of the City Parks Alliance.
“They can
serve to mitigate against storm events and also provide recreational
opportunities.”

In 2010, Nashville was hit by 13 inches of rain over 36 hours—the
biggest rainfall in its recorded history—that claimed 11 lives and cost $2
billion. In reaction, the city launched a flood control plan that includes a
buy-out program to relocate homes in the most vulnerable areas and replace them
with parkland. Houston is also cultivating its urban forest as a tool for
easing the chronic flooding that plagues the city. Philadelphia is planting its
way into compliance with storm-water regulations. Tree-planting is often paired
with a transition to porous asphalt, which also absorbs stormwater. The issue
is not just the volume of water that storms bring, but also what that water carries: salt,
oil, gasoline, hydraulic fluids, and a witches brew of other contaminants that
could otherwise move directly into sewers (and, in overwhelmed combined
sewage/wastewater systems, directly into streams, lakes or oceans).

This does not account for the other benefits of an urban tree canopy.
Buildings shaded by trees require less energy to cool, and one tree can remove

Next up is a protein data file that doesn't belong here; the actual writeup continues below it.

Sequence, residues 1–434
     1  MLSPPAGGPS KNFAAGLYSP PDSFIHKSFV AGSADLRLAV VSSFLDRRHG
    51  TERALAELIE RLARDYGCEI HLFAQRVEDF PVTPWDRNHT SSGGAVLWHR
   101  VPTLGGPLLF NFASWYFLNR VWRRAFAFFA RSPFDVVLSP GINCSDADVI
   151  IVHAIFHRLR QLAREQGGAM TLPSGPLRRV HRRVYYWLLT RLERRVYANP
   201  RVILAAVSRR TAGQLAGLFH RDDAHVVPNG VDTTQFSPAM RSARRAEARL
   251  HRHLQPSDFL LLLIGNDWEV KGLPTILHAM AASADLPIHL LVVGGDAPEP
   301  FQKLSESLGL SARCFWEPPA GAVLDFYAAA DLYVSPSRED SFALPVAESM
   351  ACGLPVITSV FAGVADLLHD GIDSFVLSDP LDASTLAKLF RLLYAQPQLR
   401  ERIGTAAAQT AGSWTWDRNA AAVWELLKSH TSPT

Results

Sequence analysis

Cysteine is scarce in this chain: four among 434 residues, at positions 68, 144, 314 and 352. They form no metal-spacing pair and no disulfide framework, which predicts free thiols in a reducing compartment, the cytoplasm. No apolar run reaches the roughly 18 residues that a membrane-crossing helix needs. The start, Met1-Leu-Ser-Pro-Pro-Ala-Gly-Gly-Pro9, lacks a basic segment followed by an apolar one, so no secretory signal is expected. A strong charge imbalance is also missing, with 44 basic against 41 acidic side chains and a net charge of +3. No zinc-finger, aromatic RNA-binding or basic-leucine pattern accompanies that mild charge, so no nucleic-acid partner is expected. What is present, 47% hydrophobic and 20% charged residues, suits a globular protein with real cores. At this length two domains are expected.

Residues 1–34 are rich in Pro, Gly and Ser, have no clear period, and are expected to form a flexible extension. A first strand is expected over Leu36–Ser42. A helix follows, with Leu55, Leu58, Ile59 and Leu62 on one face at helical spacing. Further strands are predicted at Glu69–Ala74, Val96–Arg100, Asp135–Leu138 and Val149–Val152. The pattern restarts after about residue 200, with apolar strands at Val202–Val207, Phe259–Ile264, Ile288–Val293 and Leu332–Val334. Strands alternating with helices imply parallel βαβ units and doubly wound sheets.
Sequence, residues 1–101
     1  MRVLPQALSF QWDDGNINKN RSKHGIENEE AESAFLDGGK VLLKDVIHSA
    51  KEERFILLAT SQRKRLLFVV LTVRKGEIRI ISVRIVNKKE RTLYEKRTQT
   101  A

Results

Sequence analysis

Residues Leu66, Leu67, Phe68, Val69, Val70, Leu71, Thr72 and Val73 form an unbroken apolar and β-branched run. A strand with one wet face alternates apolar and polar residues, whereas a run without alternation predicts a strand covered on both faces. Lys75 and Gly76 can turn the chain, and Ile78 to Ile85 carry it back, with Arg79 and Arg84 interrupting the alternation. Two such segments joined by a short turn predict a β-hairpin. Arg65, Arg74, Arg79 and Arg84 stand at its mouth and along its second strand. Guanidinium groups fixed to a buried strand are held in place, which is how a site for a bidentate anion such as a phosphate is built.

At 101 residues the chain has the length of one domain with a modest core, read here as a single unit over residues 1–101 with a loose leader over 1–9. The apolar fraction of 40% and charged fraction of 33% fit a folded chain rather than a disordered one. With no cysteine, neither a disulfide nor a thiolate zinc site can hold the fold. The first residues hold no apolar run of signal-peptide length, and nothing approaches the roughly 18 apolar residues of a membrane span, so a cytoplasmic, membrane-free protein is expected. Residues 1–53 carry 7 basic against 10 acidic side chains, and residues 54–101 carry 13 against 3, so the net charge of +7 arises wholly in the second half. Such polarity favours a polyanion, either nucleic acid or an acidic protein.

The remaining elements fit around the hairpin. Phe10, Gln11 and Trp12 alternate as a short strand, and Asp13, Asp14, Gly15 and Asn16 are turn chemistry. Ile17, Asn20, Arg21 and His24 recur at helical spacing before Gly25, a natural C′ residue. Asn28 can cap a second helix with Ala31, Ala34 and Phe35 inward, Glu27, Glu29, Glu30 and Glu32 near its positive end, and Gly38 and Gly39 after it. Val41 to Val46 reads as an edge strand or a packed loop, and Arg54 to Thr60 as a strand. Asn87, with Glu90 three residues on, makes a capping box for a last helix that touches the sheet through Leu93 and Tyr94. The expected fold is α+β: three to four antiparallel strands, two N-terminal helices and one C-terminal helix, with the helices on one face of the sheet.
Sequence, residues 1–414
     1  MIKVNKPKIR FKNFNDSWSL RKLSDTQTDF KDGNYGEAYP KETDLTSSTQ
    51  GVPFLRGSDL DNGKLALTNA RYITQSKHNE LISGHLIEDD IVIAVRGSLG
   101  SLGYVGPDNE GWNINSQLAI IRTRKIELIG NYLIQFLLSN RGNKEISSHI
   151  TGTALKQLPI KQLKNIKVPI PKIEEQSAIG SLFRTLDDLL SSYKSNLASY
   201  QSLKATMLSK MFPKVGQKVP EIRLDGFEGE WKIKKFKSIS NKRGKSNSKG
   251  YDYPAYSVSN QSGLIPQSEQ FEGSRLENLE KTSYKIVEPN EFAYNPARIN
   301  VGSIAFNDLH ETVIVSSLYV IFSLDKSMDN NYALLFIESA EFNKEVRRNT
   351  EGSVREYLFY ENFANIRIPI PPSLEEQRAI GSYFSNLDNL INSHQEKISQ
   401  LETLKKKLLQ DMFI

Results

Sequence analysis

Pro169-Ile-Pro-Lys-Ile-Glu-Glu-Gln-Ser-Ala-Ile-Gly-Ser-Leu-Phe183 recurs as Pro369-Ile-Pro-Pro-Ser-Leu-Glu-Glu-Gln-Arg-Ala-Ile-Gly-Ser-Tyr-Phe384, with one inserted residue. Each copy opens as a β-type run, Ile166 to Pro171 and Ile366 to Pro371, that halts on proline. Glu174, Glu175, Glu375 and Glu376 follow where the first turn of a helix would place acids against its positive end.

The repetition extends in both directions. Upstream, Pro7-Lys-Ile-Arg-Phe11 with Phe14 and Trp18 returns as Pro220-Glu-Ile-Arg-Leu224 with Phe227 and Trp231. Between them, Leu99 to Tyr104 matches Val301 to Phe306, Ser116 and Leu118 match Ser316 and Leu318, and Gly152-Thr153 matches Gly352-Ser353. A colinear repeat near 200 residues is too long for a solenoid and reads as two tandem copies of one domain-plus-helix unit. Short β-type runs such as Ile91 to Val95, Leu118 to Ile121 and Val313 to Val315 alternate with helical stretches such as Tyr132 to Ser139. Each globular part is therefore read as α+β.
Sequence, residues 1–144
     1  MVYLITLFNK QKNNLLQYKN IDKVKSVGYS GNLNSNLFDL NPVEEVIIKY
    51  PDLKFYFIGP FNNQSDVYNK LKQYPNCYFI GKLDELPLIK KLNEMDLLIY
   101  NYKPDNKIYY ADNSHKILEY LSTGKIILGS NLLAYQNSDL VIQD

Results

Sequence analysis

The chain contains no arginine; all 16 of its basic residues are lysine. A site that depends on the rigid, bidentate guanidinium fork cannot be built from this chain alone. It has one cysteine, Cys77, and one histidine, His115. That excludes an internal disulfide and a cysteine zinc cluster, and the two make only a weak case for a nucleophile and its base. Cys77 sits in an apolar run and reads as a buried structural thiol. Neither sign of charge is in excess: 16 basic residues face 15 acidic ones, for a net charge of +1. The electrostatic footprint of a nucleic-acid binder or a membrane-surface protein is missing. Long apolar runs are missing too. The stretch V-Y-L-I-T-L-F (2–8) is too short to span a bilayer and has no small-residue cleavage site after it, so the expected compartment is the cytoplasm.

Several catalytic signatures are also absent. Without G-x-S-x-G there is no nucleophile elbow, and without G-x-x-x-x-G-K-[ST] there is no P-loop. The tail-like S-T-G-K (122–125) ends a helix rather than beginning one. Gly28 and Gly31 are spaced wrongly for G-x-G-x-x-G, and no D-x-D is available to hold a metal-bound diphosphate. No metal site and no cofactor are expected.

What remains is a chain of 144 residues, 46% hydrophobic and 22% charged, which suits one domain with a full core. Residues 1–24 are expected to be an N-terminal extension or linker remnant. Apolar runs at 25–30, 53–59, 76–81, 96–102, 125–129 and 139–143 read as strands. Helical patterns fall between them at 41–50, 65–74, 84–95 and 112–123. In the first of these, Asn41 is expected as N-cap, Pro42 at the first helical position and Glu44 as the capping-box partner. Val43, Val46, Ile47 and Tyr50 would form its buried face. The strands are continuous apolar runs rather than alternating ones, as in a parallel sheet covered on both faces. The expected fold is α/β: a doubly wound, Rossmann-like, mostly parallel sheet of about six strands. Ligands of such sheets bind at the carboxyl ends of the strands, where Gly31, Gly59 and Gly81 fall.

up to 26 pounds of carbon a year, the equivalent of 11,000 miles of car
emissions.

MORE THAN TREES
As they adapt to a changing climate, cities are also turning to
green roofs, wetlands, and even some unexpected helpers, such as oysters, to
become more resilient.

Green roofs are taking root and appear to be more than a passing fad. “I visited New York City's largest green roof this summer,” said Ulfelder. “It's above a post office building and has reduced
its energy bill by $1 million a year, because the building is now cooled more
easily and holds its heat better in winter. They're getting an incredible rate
of return. When you get these big
storms, you can use green roofs to capture rainwater. That's good for water
quality, but you can actually use green roofs to restore habitat by planting
native species.”

But for coastal cities, the brunt of a major storm is generally